Exercising When Diabetes Affects Mobility
Having an amputation or being in a wheelchair can make it hard to think about fitness — but diabetes management still requires activity. Try these ideas to get moving.
By Madeline R. Vann, MPH
Medically Reviewed by Lindsey Marcellin, MD, MPH
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People with type 2 diabetes may eventually find that they have lost mobility, either because a limb has been amputated or they otherwise need to use a wheelchair.
This change can make it hard to think about exercise and fitness, but successful diabetes management is still a priority — and still requires at least 30 minutes of activity five days a week. Even if you have lost a limb, the other joints in your body still need to be active, so your goal is to manage diabetes and also keep the rest of your body in motion.
Joints get stiff if you don’t move them, says Patrice Winter, a physical therapist at George Mason University and in private practice in Fairfax, Va. “Joints are like a well-oiled machine. [They] need to be active.”
Winter is sympathetic to the situation faced by people with diabetes who have reduced mobility. “With diabetes, there is that tendency — with any disability, really — that where there is pain involved you have less of a desire to move. But that works against what you are after.”
First Steps to Diabetes Exercise
Many people with diabetes who have impaired mobility will have to start with the basics before they can begin — or get back into — an exercise routine. This means focusing on range of motion and building up the strength of your heart and lungs so you can exercise. Winter says this is easier for people who begin their fitness training before surgery or loss of mobility.
Ideally, says Winter, you will be referred to a physical therapist or certified trainer who can help you plan a suitable fitness program and get you started with the first steps. You can also go online to find suitable programs; one is called SilverSneakers. Check with your health insurance to find out which types of rehab services and supplies are covered.
During rehab, you will also learn how to use your prosthesis or wheelchair. This may be a workout on its own! Once you have developed some strength, you will be able to move on to more strenuous exercise.
Here are some strategies you can try if you want to get back into an exercise routine:
Find a passion.Winter says that although loss of mobility feels like a limitation, the key to finding your way back to fitness is to ask yourself a counterintuitive question: “What did you like to do when you were little?” Almost every type of physical activity that thrilled you as a child can be managed with a wheelchair or a prosthesis — with some creative modifications — and it is exercise that you enjoy that will ultimately become a long-term part of your life. Here are some of the childhood-to-adulthood translations:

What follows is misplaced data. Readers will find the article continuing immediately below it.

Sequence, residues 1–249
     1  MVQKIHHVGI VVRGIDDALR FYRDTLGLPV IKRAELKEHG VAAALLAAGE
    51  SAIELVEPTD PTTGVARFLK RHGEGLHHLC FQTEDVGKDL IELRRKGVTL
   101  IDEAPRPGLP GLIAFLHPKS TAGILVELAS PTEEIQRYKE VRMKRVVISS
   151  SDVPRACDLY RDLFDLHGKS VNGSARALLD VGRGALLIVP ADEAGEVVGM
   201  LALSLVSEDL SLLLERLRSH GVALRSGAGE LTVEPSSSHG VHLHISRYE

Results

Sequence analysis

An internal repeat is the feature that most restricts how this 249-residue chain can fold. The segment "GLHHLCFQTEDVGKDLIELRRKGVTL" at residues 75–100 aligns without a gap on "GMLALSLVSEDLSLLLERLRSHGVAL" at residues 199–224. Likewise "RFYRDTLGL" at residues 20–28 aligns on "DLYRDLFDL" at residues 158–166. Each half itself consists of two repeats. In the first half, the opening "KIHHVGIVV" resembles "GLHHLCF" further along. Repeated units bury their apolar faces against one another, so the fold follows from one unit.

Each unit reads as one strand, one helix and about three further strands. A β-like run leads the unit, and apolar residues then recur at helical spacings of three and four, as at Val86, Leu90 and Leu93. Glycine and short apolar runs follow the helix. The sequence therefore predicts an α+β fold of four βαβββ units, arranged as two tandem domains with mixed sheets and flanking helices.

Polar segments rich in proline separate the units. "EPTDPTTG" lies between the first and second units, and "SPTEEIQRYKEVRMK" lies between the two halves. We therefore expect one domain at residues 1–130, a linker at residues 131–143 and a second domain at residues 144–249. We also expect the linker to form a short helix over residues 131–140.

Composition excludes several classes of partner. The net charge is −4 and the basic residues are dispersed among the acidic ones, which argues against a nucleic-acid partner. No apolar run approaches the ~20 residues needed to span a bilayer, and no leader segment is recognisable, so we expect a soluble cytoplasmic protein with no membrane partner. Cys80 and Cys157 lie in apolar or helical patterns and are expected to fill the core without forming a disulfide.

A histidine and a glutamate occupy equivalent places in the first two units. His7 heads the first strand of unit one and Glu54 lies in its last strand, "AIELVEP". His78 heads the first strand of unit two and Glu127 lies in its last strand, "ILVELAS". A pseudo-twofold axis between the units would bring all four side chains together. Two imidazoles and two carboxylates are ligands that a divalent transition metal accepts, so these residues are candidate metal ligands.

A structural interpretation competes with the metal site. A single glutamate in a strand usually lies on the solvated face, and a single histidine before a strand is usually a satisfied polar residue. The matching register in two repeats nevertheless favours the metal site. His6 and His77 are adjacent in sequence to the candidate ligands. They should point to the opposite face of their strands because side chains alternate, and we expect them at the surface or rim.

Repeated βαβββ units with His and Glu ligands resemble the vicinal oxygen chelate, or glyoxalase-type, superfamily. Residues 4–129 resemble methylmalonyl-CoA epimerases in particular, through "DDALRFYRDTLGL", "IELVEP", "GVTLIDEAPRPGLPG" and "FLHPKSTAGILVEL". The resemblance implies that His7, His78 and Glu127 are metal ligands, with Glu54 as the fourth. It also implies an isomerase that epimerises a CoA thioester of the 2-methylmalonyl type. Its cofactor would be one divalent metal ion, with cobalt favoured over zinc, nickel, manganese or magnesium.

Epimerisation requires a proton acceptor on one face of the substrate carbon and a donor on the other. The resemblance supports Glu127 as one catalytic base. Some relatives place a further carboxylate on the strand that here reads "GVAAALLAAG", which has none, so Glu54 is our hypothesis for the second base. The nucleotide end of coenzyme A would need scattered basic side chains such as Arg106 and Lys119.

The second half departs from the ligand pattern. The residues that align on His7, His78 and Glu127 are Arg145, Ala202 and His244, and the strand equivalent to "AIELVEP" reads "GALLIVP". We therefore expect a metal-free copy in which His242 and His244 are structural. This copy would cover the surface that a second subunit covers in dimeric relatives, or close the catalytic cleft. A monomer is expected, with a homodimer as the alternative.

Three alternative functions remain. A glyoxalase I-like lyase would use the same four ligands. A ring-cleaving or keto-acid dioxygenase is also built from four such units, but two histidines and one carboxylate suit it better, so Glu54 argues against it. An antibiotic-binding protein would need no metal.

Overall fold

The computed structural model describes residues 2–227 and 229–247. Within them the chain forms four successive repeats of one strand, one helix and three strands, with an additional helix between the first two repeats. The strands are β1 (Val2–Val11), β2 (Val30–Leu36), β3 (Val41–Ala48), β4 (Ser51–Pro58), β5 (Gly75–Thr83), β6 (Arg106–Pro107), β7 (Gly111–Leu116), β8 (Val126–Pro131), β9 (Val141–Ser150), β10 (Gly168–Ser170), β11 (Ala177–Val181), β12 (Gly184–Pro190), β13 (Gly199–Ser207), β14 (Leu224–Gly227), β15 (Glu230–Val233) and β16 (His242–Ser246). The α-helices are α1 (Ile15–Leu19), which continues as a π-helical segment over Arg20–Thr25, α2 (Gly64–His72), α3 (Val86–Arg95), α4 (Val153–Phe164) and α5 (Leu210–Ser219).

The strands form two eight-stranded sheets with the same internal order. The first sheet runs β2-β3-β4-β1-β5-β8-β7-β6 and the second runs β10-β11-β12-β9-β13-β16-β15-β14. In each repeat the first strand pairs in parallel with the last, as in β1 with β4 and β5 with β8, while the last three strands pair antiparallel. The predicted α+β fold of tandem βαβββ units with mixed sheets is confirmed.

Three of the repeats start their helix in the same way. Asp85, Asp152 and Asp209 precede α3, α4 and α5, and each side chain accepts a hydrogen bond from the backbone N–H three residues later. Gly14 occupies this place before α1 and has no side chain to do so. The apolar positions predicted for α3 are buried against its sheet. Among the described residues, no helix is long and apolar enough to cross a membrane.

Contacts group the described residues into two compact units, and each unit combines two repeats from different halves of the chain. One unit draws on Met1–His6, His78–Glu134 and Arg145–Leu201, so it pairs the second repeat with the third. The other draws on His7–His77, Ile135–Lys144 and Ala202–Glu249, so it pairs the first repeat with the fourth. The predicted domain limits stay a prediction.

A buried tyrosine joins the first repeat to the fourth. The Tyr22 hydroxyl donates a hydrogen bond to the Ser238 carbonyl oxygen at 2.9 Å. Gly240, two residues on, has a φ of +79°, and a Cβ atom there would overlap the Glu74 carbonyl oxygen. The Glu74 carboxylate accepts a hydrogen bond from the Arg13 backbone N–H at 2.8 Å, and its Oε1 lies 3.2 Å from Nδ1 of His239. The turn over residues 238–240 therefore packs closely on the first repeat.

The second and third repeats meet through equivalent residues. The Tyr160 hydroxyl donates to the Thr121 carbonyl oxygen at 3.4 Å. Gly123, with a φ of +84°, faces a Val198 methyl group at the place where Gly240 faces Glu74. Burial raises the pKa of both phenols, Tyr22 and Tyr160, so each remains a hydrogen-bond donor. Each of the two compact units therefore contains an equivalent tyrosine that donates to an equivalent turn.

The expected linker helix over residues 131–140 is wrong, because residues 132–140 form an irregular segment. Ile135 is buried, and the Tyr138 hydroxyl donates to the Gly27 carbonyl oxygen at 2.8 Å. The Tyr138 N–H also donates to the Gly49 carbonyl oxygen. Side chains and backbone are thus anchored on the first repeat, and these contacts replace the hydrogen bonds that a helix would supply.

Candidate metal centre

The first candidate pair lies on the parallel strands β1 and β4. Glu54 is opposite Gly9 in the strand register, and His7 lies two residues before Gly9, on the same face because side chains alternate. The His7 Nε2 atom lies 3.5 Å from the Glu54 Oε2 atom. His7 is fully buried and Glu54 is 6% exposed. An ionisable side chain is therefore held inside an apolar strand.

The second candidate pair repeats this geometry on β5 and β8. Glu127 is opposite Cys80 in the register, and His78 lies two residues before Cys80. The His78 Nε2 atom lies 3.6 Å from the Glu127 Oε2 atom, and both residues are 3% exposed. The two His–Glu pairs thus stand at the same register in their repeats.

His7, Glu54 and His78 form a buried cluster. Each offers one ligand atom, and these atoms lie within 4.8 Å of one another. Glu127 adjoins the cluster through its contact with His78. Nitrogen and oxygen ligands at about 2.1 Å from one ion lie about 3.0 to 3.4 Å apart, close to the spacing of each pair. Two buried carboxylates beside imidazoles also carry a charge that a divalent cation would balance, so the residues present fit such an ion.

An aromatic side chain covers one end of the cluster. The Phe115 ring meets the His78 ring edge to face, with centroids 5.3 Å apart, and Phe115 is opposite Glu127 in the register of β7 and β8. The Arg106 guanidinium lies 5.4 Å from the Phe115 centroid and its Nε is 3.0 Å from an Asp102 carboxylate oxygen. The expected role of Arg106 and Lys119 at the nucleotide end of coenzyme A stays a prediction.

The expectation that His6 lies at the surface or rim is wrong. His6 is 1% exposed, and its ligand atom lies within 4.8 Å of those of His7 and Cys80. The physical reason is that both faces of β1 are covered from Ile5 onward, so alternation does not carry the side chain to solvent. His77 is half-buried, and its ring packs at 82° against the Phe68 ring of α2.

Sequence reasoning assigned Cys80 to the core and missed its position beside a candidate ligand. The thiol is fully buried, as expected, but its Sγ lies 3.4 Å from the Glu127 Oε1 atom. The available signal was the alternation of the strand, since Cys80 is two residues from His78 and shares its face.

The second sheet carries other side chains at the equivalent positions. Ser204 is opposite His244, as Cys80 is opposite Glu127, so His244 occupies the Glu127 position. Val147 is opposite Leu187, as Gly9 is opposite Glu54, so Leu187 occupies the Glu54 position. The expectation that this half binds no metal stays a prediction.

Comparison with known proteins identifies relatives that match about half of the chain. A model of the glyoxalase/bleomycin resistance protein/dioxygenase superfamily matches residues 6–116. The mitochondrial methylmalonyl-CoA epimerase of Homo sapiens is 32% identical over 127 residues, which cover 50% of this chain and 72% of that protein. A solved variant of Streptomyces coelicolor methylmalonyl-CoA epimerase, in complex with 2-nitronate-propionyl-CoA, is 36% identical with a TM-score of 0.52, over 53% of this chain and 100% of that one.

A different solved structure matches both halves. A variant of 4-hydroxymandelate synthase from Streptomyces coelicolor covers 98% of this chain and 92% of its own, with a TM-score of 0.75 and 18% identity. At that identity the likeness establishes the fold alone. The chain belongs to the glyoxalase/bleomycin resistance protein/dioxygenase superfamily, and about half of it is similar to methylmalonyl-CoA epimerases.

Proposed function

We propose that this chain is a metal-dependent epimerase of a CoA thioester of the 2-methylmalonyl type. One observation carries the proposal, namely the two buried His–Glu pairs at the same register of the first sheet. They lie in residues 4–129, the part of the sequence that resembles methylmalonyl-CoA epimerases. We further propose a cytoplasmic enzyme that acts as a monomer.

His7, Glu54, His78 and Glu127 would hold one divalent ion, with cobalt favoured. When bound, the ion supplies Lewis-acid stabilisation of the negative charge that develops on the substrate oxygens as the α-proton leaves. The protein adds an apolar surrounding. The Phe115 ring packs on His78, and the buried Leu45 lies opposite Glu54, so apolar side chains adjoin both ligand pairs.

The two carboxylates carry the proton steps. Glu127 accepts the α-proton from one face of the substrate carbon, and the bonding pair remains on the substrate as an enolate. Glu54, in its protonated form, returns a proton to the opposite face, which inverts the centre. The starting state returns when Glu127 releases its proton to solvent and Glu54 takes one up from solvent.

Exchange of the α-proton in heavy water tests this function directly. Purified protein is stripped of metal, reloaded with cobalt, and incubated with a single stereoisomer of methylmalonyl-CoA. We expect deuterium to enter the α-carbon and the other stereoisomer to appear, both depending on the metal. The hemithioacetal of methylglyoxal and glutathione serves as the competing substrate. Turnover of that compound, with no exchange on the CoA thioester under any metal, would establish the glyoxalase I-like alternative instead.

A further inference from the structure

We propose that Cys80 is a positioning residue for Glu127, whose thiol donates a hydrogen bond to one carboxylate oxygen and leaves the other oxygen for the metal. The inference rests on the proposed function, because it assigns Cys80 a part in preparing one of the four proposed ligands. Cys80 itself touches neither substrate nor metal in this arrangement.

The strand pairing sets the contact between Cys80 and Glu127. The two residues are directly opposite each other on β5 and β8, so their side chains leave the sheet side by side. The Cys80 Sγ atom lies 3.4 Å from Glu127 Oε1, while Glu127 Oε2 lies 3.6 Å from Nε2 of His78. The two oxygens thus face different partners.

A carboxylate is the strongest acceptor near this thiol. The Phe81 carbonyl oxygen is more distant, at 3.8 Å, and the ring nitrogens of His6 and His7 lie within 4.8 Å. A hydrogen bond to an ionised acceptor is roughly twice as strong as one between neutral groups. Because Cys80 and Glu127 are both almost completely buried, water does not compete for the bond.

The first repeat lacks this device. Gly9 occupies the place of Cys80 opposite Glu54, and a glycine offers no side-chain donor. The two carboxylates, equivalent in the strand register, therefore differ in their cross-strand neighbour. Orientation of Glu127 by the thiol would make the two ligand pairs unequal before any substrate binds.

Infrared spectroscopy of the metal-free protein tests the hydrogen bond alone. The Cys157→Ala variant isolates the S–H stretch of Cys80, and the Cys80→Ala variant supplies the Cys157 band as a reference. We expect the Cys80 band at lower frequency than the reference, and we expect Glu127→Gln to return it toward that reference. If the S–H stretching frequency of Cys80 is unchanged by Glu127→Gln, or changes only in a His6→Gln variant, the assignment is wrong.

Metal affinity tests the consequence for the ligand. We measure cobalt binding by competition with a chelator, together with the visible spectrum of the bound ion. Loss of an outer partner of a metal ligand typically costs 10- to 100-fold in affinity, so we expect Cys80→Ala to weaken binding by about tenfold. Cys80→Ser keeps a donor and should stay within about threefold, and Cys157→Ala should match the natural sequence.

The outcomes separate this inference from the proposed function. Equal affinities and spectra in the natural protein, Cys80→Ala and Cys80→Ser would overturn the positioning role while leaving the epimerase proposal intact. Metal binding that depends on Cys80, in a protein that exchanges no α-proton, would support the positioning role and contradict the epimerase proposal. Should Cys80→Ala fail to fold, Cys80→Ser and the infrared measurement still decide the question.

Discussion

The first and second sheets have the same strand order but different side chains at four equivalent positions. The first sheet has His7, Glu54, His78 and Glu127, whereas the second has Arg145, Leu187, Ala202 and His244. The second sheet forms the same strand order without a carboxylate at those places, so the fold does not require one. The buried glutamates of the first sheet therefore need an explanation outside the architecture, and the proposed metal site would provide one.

- Basketball.Join a wheelchair league. This works on your core muscles and arms as well as improving cardio-pulmonary endurance.
- Bicycling.People with prostheses can use bicycles (stationary or otherwise) with modifications.
- Swimming.Once your stump is healed and you have the strength to get in and out of a wheelchair or to be mobile with your prosthetic, you can get back in the water.
- Chair-based exercise.“Patients who have diabetes and are in a wheelchair still have upper body strength,” emphasizes Amy Kranick, a registered dietitian and certified diabetes educator with the adult diabetes program at Vanderbilt University Medical Center in Nashville, Tenn. This means that you can try weight training, chair yoga, chair tai chi, resistance bands, and other types of seated stretching and conditioning exercise programs.
- Lifestyle changes.Even while you are building a new fitness routine, you will have to support it with changes in diet and in your approach to managing your blood sugar. Loss of mobility is a reality check for many people living with diabetes, says Winter. “If someone is [undergoing an] amputation and says, ‘I am going to do what I have always done’ and they don’t have a good understanding of the disease, they will lose the other leg,” she warns. Work with a dietitian or nutritionist who can help support your goals for long-term fitness.
Coping With Emotional Issues
Winter advises being true to yourself as you plan your fitness routine. For example, if you are a private person and have always hated working out in public or at the gym, find a way to exercise at home instead of letting well-meaning family members or friends push you into a gym or pool membership. Physical therapists and trainers can come to your home, and some programs have videos that will give you home-based instruction for fitness.
And if you are angry about your situation, this is normal. The reality is that many people who lose mobility become angry, says Winter. While anger is an expected response, it does not further your goals. Seek therapy if you find that anger or despair is making it hard to get moving.
Losing your mobility doesn't mean giving up on fun and exercise. Use creativity and connections to get started on a fitness plan.
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